Human After All a let down? Perhaps commercially, but it's by far my favourite of Daft Punk's albums. Using both a mixture of pastiche and minimalism, HAA is able to deal with complex ideas about the industrialisation of culture. Look how the mindlessly repeated riff of 'Robot Rock' sounds distinctly unrock. It's a purposeful joke at the expense of the dying unoriginal machine that is the music industry. Look at the cold final track which endlessly repeats the word 'emotion' whilst ironically having very little. Again, laughing at the utilitarian culture created for money, not for art. We see themes of this industrialised culture take a turn for the more totalitarian with Television Rules the Nation and Brainwasher, and the damaging effect of media expectations on youth come through on the album's most ominous track of all, 'Prime Time of Your Life'. Human After All is both infectiously catchy and artistically fascinating, which is far more important than the number of units it sells.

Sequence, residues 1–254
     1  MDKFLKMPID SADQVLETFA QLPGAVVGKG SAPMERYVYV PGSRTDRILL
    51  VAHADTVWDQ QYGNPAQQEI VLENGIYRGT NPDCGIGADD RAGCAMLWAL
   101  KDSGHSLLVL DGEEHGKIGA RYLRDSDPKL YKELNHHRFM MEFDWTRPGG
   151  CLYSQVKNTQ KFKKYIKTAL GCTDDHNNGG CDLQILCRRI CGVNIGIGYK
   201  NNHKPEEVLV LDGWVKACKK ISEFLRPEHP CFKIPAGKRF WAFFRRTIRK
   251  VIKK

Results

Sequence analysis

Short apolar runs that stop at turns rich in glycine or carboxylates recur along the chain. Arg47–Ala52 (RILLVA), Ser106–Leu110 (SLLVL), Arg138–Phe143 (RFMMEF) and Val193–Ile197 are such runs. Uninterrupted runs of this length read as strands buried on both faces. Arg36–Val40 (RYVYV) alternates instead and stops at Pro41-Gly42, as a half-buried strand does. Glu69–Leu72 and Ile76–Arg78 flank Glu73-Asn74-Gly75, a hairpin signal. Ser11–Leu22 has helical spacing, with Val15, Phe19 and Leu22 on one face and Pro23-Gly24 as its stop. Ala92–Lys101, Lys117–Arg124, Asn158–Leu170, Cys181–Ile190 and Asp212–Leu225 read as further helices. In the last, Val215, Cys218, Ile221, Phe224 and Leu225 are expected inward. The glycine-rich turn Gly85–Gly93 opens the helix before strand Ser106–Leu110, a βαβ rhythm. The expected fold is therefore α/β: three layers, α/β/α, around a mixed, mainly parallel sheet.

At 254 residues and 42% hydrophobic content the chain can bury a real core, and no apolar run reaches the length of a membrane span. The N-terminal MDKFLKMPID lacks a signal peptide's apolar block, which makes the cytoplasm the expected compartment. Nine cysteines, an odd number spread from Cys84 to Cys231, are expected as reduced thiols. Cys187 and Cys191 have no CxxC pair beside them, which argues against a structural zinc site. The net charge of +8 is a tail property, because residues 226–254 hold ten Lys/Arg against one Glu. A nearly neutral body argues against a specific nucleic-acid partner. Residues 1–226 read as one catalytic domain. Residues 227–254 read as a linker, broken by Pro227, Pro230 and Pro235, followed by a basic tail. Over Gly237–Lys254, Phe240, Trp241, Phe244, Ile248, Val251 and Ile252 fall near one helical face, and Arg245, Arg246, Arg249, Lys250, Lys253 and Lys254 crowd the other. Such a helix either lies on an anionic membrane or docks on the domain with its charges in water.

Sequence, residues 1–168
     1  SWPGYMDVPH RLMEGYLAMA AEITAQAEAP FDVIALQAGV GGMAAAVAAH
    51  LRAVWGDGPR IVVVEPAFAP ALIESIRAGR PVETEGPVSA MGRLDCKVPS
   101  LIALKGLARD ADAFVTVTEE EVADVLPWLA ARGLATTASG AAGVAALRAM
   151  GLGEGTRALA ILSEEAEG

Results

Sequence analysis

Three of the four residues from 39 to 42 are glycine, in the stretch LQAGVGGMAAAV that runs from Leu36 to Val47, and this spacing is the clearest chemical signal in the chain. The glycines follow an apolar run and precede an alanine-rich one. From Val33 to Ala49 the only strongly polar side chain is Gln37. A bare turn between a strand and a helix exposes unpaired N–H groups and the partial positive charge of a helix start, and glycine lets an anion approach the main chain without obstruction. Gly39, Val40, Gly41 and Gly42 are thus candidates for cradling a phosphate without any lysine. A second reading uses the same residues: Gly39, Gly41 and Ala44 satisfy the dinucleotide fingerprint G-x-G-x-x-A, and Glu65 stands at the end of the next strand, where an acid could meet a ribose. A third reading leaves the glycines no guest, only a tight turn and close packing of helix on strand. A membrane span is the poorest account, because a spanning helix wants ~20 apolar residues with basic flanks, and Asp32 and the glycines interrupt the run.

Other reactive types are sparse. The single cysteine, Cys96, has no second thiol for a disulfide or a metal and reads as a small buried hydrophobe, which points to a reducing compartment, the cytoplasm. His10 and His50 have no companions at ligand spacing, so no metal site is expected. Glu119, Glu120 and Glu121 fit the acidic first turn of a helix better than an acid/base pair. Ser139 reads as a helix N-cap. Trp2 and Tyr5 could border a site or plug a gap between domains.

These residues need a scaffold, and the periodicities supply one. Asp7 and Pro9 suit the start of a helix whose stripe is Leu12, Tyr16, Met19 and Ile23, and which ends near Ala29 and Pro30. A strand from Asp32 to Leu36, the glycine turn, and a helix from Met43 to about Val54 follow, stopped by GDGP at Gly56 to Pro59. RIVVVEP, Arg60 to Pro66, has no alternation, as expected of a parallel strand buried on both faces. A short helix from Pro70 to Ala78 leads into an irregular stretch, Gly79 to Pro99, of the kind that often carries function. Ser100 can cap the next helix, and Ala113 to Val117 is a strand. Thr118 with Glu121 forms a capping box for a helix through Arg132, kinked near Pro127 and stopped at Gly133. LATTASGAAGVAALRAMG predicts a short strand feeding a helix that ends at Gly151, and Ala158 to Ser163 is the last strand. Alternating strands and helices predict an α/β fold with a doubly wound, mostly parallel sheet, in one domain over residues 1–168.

My only hope for the new album is that it is not too alike any of their previous releases as a massive part of their appeal is the way they reinvent their sound but still remain distinctively Daft Punk.